When I’ve talked to him about his hitting and his kicking, he told me that he was angry and that he didn’t know why. Perhaps he was acting out because he was anxious about preschool, which he recently started, or because I was going through chemo all summer and he knew that I was ill. At the time, however, I thought he was handling the situation pretty well.
My husband and I want to get our son into judo when he is old enough, but how can we channel his energy in a more positive manner right now? Or is this hitting and kicking just a phase that we will have to work through?
A: Like it or not, you and your child will have to work through this phase, but it will be easier if you can figure out why he’s acting this way.
First of all, you need to know that your son’s behavior follows a fairly predictable path in the early years and that it generally coincides with his age.
Most young children are amazingly good for four to five months each year — usually around the time of their birthdays — but then their behavior gets bad or even abysmal and they feel quite fragile and sometimes amazingly grumpy. This behavior lasts for another few months and then they begin to put themselves together again in a better, stronger way: a pattern of equilibrium and disequilibrium discovered by the venerable Gesell Institute, which has been studying children for almost 100 years.
Your son may also hit you and kick you because he feels safer with you than with anyone else or because he wants you to notice him a little more. Whatever the cause, you have to stop the behavior. And fortunately, you can, as long as you’re willing to ignore your child when he’s naughty and give him plenty of attention when he’s nice. This treatment nearly always works because children want attention above all else and they will do whatever it takes to get it.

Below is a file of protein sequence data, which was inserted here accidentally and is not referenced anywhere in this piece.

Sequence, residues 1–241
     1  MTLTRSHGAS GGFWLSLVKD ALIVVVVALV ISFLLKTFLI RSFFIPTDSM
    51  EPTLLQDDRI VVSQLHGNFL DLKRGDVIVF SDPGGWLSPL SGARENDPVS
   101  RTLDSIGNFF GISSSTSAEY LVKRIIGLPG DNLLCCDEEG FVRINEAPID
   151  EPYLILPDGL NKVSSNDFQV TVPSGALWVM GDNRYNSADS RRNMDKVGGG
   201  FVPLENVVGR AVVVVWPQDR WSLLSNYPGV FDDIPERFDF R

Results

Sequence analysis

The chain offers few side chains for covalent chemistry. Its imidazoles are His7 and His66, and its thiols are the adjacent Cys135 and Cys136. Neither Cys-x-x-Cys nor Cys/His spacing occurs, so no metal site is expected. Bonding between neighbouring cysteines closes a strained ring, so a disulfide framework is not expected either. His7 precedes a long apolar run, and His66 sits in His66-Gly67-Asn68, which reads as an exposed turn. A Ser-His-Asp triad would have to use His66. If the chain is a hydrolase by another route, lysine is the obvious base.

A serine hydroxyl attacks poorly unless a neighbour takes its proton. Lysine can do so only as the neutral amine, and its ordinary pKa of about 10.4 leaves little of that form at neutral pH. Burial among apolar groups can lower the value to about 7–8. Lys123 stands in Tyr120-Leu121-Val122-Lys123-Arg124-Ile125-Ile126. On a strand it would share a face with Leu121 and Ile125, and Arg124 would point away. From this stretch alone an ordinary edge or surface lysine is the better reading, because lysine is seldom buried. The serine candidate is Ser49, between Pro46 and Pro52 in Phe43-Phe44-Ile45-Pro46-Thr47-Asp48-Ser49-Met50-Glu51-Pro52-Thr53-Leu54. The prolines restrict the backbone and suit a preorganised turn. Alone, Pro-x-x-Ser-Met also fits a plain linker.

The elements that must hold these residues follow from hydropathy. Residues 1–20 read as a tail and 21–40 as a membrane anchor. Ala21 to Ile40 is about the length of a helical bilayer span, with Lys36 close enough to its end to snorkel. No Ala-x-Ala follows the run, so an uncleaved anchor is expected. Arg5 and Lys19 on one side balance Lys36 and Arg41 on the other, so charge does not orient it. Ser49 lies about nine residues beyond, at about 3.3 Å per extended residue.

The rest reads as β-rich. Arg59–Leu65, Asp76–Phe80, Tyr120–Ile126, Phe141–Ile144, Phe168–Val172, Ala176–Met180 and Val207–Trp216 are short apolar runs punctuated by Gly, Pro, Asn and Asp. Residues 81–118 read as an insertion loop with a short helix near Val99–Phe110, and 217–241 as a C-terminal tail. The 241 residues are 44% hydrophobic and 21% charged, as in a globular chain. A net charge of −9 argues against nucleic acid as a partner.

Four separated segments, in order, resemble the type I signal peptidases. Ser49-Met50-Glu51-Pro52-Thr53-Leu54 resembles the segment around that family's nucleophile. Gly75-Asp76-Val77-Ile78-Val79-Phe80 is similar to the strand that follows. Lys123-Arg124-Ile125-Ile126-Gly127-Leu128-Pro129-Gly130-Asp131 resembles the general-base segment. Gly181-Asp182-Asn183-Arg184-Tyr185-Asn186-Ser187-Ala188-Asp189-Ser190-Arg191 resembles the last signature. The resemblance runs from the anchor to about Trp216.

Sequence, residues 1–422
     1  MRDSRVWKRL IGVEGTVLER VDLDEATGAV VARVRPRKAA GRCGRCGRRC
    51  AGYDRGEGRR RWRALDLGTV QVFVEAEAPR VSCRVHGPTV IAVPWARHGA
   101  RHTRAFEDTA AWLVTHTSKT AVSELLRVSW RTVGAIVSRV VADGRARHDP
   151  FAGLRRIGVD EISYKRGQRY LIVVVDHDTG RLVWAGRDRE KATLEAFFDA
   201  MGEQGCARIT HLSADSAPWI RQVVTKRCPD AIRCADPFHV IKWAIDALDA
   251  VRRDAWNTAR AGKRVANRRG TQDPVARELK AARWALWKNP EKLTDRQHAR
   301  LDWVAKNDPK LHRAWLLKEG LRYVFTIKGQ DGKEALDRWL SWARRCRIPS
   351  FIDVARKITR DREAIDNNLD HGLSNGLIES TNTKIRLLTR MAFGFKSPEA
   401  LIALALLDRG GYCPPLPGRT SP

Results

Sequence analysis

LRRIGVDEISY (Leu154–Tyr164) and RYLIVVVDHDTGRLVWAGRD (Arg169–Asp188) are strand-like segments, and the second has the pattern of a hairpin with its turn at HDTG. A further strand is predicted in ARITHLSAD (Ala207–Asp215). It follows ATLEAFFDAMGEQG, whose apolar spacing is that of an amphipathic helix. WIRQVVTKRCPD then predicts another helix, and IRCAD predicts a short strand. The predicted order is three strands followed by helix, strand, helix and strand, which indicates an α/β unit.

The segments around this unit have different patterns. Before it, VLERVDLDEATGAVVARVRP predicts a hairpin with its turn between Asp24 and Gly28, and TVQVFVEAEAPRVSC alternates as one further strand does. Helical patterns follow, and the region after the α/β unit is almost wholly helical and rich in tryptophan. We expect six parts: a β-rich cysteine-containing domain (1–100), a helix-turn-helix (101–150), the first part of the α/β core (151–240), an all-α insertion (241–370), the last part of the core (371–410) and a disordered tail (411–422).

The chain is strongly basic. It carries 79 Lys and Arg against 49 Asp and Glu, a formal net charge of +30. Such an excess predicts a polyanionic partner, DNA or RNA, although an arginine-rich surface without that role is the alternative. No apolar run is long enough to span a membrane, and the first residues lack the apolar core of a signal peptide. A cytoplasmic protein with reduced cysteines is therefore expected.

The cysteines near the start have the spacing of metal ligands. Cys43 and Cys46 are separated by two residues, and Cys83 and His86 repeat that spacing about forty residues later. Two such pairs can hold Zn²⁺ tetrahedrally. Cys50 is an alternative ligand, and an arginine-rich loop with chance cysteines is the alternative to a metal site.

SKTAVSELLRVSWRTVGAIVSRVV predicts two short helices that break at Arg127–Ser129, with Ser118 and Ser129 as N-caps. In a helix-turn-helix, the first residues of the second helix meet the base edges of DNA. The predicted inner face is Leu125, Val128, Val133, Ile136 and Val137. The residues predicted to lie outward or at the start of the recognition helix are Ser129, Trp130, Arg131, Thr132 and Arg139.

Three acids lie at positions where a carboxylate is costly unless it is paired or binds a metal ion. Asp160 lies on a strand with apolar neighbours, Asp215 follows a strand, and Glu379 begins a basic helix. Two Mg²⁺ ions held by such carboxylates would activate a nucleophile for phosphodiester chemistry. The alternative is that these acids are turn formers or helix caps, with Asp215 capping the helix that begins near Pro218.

Your son probably doesn’t like to discuss the hitting, the kicking and especially the anger, however, because talking is a pretty new skill for a 3-year-old. If you find it hard to express a complicated idea or even figure out what you’re trying to say, imagine how hard it is for him. He may be more forthcoming, however, if you do your talking in the dark. A child hates to look at someone he loves if the conversation is going to be embarrassing or make him feel uncomfortable.
Even if your son wants to talk about his anger, he may not realize how much your illness is affecting him now and in the past. You probably didn’t have as much energy as you did before you went on chemo, and he may be afraid that this could happen again. This is not because he’s worried about you but because he’s worried about himself. You shouldn’t feel guilty about that, however; it’s just the way your son looks at life.
Children are remarkably self-focused, especially if they’re younger than 7 or they’re going through puberty. These are the ages when they are absolutely, positively sure that the world revolves around them, and they get quite cross when it doesn’t. One 14-year-old I knew was so outraged by her mother’s illness that she had to stamp her foot and shout, “Do you know how much this cancer of yours is stressing me out?”
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